LinuxQuestions.org
Help answer threads with 0 replies.
Go Back   LinuxQuestions.org > Forums > Linux Forums > Linux - Distributions > Slackware
User Name
Password
Slackware This Forum is for the discussion of Slackware Linux.

Notices

Reply
 
Search this Thread
Old 03-29-2013, 07:28 PM   #31
T3slider
Senior Member
 
Registered: Jul 2007
Distribution: Slackware64-14.0
Posts: 2,242

Rep: Reputation: 614Reputation: 614Reputation: 614Reputation: 614Reputation: 614Reputation: 614

Quote:
Originally Posted by rkfb View Post
Otherwise why even have it listed in the first place? It's not a group of packages offering say, various types of multimedia support or development programs, it's one program, Emacs and it's saying do you want it or not?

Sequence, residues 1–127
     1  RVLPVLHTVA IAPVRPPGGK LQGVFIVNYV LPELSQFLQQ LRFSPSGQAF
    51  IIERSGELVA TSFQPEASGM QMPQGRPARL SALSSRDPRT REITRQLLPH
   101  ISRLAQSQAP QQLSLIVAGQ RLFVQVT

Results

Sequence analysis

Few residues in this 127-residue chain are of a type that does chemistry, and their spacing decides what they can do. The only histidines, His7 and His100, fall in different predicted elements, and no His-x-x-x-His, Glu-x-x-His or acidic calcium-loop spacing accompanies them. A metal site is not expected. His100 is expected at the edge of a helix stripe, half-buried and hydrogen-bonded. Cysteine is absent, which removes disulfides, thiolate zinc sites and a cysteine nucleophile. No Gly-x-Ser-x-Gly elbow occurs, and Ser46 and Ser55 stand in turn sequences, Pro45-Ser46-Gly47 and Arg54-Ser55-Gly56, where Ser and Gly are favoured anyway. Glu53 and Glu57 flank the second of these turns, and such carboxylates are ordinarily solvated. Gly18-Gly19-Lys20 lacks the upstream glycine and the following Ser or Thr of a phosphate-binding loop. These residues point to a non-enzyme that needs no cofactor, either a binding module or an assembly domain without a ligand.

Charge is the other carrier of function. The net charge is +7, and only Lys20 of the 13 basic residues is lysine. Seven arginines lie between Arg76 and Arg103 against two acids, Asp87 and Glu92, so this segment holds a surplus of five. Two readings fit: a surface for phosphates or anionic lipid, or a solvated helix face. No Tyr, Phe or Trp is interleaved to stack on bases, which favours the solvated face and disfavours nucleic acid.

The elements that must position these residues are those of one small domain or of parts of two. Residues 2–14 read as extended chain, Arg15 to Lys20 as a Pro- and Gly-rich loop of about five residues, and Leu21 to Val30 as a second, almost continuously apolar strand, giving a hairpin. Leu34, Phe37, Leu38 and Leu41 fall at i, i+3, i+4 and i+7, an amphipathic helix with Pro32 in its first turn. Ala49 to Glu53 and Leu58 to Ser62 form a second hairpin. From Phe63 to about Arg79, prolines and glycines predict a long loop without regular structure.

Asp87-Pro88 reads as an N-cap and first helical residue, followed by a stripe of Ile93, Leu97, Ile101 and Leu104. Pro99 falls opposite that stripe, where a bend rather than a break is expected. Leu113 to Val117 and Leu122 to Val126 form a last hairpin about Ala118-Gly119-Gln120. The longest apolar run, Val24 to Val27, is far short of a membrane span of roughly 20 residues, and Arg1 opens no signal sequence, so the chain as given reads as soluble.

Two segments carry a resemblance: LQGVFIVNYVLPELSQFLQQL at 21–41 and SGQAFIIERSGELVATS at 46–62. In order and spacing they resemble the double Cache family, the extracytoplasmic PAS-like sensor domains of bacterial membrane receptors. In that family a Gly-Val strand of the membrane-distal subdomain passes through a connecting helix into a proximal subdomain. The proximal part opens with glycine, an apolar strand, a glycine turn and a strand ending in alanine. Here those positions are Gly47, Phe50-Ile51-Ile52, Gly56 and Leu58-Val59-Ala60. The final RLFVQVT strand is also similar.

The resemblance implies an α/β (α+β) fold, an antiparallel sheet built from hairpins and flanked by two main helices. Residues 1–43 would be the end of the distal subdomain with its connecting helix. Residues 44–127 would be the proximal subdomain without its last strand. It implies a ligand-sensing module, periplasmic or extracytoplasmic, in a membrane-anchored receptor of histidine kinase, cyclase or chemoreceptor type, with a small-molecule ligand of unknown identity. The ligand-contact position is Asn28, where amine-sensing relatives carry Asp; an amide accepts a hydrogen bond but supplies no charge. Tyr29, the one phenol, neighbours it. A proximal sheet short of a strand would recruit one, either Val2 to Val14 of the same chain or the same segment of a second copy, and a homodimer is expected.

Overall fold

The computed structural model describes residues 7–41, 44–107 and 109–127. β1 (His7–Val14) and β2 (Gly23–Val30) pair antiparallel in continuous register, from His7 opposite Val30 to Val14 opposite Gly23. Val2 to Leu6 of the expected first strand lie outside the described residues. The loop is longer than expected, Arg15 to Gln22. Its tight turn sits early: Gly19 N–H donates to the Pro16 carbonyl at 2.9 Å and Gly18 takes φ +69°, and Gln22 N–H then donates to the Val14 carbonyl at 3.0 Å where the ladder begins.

It is because emacs is a large program (108M installed) that many people do not use, so it was separated into its own package set to make it easy to exclude (and excluding emacs should not break anything). The same situation exists with the t/ series, which only contains a few packages that some may not use and take up a lot of space. tcl/ and y/ take up relatively little space but again they are made easy to exclude because a lot of people have no use for them and excluding them won't (shouldn't?) break anything. They are not separated to make things magically work when you *include* them -- basically they exist to make paring down an install very easy (which is why kde/ and xfce/ have their own package sets). Arguing this point is like arguing that selecting xap/ should automatically select x/ since applications in xap/ do not work without x/. This isn't how the installer works -- it assumes that, if you are not doing a full installation, you know what you are doing.